(4.175)

Next, since gravity passes through the center of mass, the moment due to all

forces relative to the center of mass is due to NA and NB and is given as

= (rA

M

r) NA + (rB

r) NB

(4.176)

Substituting the results of Eqs. (4.160), (4.161), (4.161), (4.167), and (4.168) into

Eq. (4.176), we obtain

!

!

mB l sin Ex mB l cos Ey

mA l sin Ey + mA l cos Ey

=

M

NA Ey +

NB Ex

mA + mB

mA + mB

(4.177)

Eq. (4.177) simplifies to

=

M

mB NA l sin mA NB l cos

Ez

mA + mB

(4.178)

)/dt using the expression for F d(F H

)/dt

Setting M

from Eq. (4.166), we obtain

mA mB 2

mB NA l sin mA NB l cos

Ez =

l Ez

mA + mB

mA + mB

(4.179)

mB NA l sin mA NB l cos = mA mB l2

(4.180)

We can now use Eqs. (4.174), (4.175), and (4.180) to obtain the differential

equation of motion. First, multiplying Eq. (4.174) by mA l cos and multiplying

Eq. (4.175) by mB l sin , we obtain

mA NB l cos + mA (mA + mB )gl cos

mB NA l sin

2 2

2 sin ) cos

= mA

l ( cos

(4.181)

2 2

2

(4.182)

mB NA l sin mA NB l cos mA (mA + mB )gl cos

sin +

2 cos ) sin

= mB2 l2 (

(4.183)

2 2

2 sin ) cos

mA

l ( cos

Then, substituting mB NA l sin mA NB l cos from Eq. (4.180) into Eq. (4.183),

we obtain

mA (mA + mB )gl cos = m2 l2 (

sin +

2 cos ) sin

mA mB l 2

B

2 2

2 sin ) cos

mA

l ( cos

(4.184)

170

2

+ (m2 m2 )

2 cos sin

(mA mB + mA

cos2 + mB2 sin2 )

B

A

g

mA (mA + mB ) cos = 0

l

(4.185)

2

mA mB + mA

cos2 + mB2 sin2 = (mA cos2 + mB sin2 )(mA + mB ) (4.186)

+ (m2 m2 )

2 cos sin

(mA cos2 + mB sin2 )(mA + mB )

B

A

g

mA (mA + mB ) cos = 0

l

(4.187)

2

(mA

mB2 ) = (mA mB )(mA + mB )

(4.188)

+ (mA mB )(mA + mB )

2 cos sin

(mA cos2 + mB sin2 )(mA + mB )

g

mA (mA + mB ) cos = 0

l

(4.189)

Finally, observing that mA + mB is common to all of the terms in Eq. (4.189), we

obtain the differential equation of motion as

+ (mA mB )

2 cos sin mA

(mA cos2 + mB sin2 )

g

cos = 0 (4.190)

l

171

Question 417

rigid massless rod of length 2l. Each end of the dumbbell slides without friction

along a fixed circular track of radius R as shown in Fig. P4-17. Knowing that

is the angle from the vertical to the center of the rod and that gravity acts

downward, determine the differential equation of motion for the dumbbell.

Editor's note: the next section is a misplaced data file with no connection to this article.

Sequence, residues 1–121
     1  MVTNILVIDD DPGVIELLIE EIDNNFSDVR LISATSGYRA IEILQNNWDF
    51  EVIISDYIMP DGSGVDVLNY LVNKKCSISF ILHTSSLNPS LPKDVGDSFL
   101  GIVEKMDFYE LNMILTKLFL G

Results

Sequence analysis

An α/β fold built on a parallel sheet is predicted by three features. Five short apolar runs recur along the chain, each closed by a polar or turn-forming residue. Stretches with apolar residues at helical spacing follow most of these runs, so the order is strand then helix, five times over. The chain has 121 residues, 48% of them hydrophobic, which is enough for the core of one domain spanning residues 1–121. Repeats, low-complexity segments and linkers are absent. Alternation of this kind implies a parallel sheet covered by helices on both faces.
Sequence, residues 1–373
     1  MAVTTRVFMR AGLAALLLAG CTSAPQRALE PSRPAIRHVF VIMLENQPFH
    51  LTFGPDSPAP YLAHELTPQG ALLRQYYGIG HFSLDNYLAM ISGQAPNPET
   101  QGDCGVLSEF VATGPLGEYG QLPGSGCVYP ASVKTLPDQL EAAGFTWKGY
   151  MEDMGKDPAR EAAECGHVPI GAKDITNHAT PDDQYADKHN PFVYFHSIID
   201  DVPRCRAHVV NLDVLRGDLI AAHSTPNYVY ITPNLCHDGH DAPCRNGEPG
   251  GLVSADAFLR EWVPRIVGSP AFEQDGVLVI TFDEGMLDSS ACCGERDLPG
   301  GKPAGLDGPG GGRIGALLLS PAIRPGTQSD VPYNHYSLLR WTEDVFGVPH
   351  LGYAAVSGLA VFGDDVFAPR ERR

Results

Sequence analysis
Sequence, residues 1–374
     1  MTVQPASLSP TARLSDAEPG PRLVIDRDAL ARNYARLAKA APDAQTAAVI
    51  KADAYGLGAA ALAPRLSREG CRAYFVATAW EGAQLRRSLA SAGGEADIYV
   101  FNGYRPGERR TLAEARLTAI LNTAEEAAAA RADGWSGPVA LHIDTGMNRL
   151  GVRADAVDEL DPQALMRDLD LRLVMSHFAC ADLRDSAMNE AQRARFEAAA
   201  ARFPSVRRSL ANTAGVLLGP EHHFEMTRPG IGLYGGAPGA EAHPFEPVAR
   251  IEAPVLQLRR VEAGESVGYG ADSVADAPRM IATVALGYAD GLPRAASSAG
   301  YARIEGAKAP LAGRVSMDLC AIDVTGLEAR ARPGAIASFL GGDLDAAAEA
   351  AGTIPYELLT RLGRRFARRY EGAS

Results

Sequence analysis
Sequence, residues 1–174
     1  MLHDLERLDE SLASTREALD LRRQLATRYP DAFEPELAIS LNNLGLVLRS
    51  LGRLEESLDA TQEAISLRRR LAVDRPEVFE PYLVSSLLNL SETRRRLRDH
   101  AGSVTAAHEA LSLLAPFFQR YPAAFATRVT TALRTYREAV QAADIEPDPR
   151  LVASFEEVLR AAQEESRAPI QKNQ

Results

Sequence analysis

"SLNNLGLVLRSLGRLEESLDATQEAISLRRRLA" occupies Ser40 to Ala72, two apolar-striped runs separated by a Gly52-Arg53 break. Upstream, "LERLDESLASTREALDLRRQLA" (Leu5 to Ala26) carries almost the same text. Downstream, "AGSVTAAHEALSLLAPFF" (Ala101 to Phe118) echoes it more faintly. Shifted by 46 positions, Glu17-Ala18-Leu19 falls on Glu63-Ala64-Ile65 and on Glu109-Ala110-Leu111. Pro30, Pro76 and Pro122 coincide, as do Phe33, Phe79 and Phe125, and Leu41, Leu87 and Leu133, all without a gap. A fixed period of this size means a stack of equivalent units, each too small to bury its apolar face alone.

R

Bm

A

m

2l

Figure P 4-12

This problem can be solved using many different approaches. For the purposes

of this solution, we will show the following three two most prominent of these

approaches: (1) using point O as the reference point or (2) using the center of

mass as the reference point. In order to apply all of these approaches, we will

need to compute the following kinematic quantities: (a) the acceleration of each

particle, the angular momentum of the system relative to point O, and (c) the

angular momentum of the system relative to the center of mass.

172

Kinematics

First, let F be a fixed reference frame. Then, choose the following coordinate

system fixed in reference frame F :

Ex

Ez

Ey

Origin at Point O

=

=

=

Along OC When = 0

Out of Page

Ez Ex

Next, let A be a reference frame that rotates with the dumbbell. Then, choose

the following coordinate system fixed in reference frame A:

er

ez

e

Origin at Point O

=

=

=

Along OC

Ez (= Out of Page )

ez er

The geometry of the bases {Ex , Ey , Ez } and {er , e , ez } is shown in Fig. 4-6 from

which we have that

e

Ez , ez

Ey

er

Ex

Figure 4-6

Ex

Ey

= cos er sin e

= sin er + cos e

(4.191)

(4.192)

given as

F A

z

= e

(4.193)

Furthermore, the position of each particle is then given in terms of the basis

{er , e , ez } as

rA

rB

= aer le

= aer + le

(4.194)

(4.195)

173

The velocity of each particle can then be obtained using the transport theorem

as

F

vA

vB

drA F A

+ rA

dt

A

drB F A

+ rB

=

dt

=

(4.196)

(4.197)

A

drA

dt

A

drB

dt

= 0

(4.198)

= 0

(4.199)

Furthermore,

F

F

z (aer le ) = le

r + ae

= e

z (aer + le ) = le

r + ae

= e

A rA

A

rB

(4.200)

(4.201)

F

vA

vA

r + ae

= le

r + ae

= le

(4.202)

(4.203)

The acceleration of each particle is then obtained from the transport theorem

as

F

aA

aB

d F F A F

vA + vA

dt

A

d F F A F

vB + vB

=

dt

(4.204)

(4.205)

A

d F

r + ae

= le

vA

dt

A

d F

r + ae

= le

vB

dt

(4.206)

(4.207)

Furthermore,

F

F

A F vA

A

vB

z (le

r + ae

) = a

2 er + l

2 e

= e

z (le

r + ae

) = a

2 er l

2 e

= e

(4.208)

(4.209)

F

aA

aB

a

2 )er + (a

+ l

2 )e

= (l

+ a

2 )er + (a

l

2 )e

= (l

(4.210)

(4.211)

174

Using the accelerations obtained in Eq. (4.210) and Eq. (4.211), the angular

momentum of the system relative to the (inertially fixed) point O is obtained as

F

HO = (rA rO ) mA F vA + (rB rO ) mB F vB

(4.212)

Noting that rO = 0 and substituting the results from Eq. (4.202) and Eq. (4.203)

into Eq. (4.212), we obtain

F

r +ae

)+(aer +le )mB (le

r +ae

) (4.213)

HO = (aer le )mA (le

h

i

F

+ mB (a2 + l2 )

ez

HO = mA (a2 + l2 )

(4.214)

F

z

HO = 2m(a2 + l2 )e

(4.215)

Similarly, the angular momentum of the system relative to the center of mass

of the system is given as

F

= (rA

) + (rB

H

r) mA (F vA F v

r ) mB ( F v B F v A )

(4.216)

r=

m(aer le ) + m(aer + le )

mA rA + mB rB

=

= aer

mA + mB

2m

(4.217)

Therefore,

rA

r = aer le aer = le

rB